Funny Business Casual

     Postcard cartoonists in days of yore held strong opinions, or anyway expressed strong opinions, about clothes.  They were cartoonists, after all, and whether clothes make the man or vice versa, they found clothes a very easy way to establish character.  The way a character was clothed told you what the cartoonist wanted you to think about him.  We are, as I think I have hinted in those last few sentences, going to look at how men dressed in postcards, as women’s dress had to carry a variety of messages, from what the cartoonist thought of some new fashion to whether we were expected to take the postcard home and pin it up somewhere the ladies of the house wouldn’t look

     We are excluding, with some regret, golf clothes, which are also an entirely different matter, both on postcards and in life generally.  Froggy,. At the top of this column, will have to wait for some other blog.

     We have discussed, hereintofore, some fashions in men’s clothes, particularly the stiff collar a man could attach to his shirt.  The height of one’s collar had said something about one’s status as a man in polite society, and it was argued from the beginning of the nineteenth century until World War I.  A very high collar signified high fashion and wealth to some people, and stupidity and uselessness to others.  To some cartoonists, the four went together anyhow, as seen in this scene, which, in case you didn’t know you were supposed to laugh at these blokes, monocles and a kind of male bustle have been added to the scene.

     At least their clothing is the right color. Going back in men’s fashion, we find that it is prince Albert who, by his sober example, changed men’s fashion in the direction of dark hues.  A Regency buck in, oh, 1808, would have thought nothing of light blue trousers or a forest green jacket (probably not together.)  But Prince Albert’s dark suits led to five or six funereal generations in men’s clothing.  Men could, and did, wear colors, but the cartoonists recorded what the rest of society thought of them.

     Such men were suspected of donning flashy dress to make a stir, which the proper gentleman did not.  (This fellow is succeeding in making a stir, but, the cartoonist feels, not a really good one.)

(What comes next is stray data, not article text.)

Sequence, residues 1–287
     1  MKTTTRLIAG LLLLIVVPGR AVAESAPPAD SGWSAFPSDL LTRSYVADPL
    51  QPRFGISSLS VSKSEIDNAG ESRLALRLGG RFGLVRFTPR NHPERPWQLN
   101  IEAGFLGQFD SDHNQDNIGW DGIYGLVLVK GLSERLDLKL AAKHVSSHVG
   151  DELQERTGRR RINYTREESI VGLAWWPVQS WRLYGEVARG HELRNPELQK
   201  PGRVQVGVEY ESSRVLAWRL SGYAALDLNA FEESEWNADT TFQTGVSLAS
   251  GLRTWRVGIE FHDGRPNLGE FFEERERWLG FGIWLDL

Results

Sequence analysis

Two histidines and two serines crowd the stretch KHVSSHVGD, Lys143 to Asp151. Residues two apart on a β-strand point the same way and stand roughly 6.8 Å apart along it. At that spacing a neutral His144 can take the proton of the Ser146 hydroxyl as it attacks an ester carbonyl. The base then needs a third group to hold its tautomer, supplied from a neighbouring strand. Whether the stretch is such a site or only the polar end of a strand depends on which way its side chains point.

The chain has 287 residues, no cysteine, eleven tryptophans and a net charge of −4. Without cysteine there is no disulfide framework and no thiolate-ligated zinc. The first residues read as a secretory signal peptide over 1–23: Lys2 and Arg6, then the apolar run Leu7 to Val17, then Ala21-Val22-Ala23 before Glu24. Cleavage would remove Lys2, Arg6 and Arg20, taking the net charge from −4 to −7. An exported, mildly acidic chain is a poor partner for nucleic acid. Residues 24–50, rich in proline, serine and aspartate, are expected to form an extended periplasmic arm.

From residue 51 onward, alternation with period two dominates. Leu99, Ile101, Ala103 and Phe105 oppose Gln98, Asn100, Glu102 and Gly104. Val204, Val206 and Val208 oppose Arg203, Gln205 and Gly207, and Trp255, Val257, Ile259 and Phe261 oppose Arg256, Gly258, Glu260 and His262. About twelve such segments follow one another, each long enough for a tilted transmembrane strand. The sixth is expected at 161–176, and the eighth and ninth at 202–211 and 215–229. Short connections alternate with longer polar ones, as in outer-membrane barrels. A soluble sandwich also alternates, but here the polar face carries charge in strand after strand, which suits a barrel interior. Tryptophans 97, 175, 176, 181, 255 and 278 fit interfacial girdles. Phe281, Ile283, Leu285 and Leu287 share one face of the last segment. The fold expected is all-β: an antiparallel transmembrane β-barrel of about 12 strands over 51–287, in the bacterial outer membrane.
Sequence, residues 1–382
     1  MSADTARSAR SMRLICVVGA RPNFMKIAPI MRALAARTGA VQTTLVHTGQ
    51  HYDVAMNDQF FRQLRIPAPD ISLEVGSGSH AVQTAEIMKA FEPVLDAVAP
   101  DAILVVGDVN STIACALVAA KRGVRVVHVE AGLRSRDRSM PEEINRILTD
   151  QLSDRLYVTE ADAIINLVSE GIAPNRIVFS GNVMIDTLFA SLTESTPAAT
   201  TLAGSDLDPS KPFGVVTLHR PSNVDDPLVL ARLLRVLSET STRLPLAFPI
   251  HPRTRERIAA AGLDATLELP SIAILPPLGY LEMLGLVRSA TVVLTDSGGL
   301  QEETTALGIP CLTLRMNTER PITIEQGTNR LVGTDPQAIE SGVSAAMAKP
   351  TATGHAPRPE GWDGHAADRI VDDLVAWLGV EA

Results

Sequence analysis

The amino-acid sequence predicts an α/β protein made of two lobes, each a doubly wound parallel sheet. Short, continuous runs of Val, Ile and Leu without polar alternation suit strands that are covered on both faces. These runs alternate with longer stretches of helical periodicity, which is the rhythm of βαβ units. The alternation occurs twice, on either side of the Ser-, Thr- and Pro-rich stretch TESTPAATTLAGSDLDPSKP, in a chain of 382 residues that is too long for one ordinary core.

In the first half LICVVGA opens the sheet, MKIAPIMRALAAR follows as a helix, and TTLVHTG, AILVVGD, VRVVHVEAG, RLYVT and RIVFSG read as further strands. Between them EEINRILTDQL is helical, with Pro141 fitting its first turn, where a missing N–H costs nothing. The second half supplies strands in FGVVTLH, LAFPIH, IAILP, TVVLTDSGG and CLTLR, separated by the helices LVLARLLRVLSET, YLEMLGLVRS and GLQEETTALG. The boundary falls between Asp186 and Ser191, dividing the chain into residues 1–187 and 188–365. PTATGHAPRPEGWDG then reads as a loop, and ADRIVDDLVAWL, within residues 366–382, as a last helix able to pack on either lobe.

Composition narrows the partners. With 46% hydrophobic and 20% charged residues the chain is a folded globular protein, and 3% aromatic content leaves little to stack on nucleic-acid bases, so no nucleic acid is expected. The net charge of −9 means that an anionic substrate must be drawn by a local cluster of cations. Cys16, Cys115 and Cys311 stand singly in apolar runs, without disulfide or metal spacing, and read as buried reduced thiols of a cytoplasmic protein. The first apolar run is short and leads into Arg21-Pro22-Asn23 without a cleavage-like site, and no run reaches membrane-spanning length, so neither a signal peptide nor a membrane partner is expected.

The artist of the Mollycoddle series could have indulged in worse name-calling than that, but preferred to express opinions through wardrobe.  The central figure here is wearing a gaudy striped sweater with spotless white pants (known universally as “white ducks”), the marks of a weekend athlete, if that.  (Striped sweaters were fabored by muscular members of college football teams—in pre-uniform, pre=helmet days—and he’s not exactly showing off a football physique.)  And any sport you could indulge in while wearing heels that high was not considered much of a sport.

     This mollycoddle goes in for fashion faux pas of another sort.  His watch fob (if he has a watch) is prominent, and adorned with a popular good luck charm.  His tie is broad, his mustache is thin, and his pants are baggy.  Once again, the mollycoddle has dressed to impress, but is not impressing us favorably.  (Quick quiz: list three words the cartoonist may have wanted you to think of instead of “mollycoddle” while looking at these pictures.  Very good.  Now go wash your brain out with Henry Wadsworth Longfellow.)

     Dressing so people notice you is to be avoided.  People may not be thinking of you what you think they should.

     As an antidote to all these encouragements to dress soberly, we shall close with the always reasonable Walter Wellman, who warns us that fashions change, and wishes us to be mindful of that.  After all, it is now the twenty-first century, and if you wish to wear a plaid jacket with a striped sweater and polka dot trousers, you just go ahead and be you.  (As a precaution, though, you might want to add a bag of golf clubs.)

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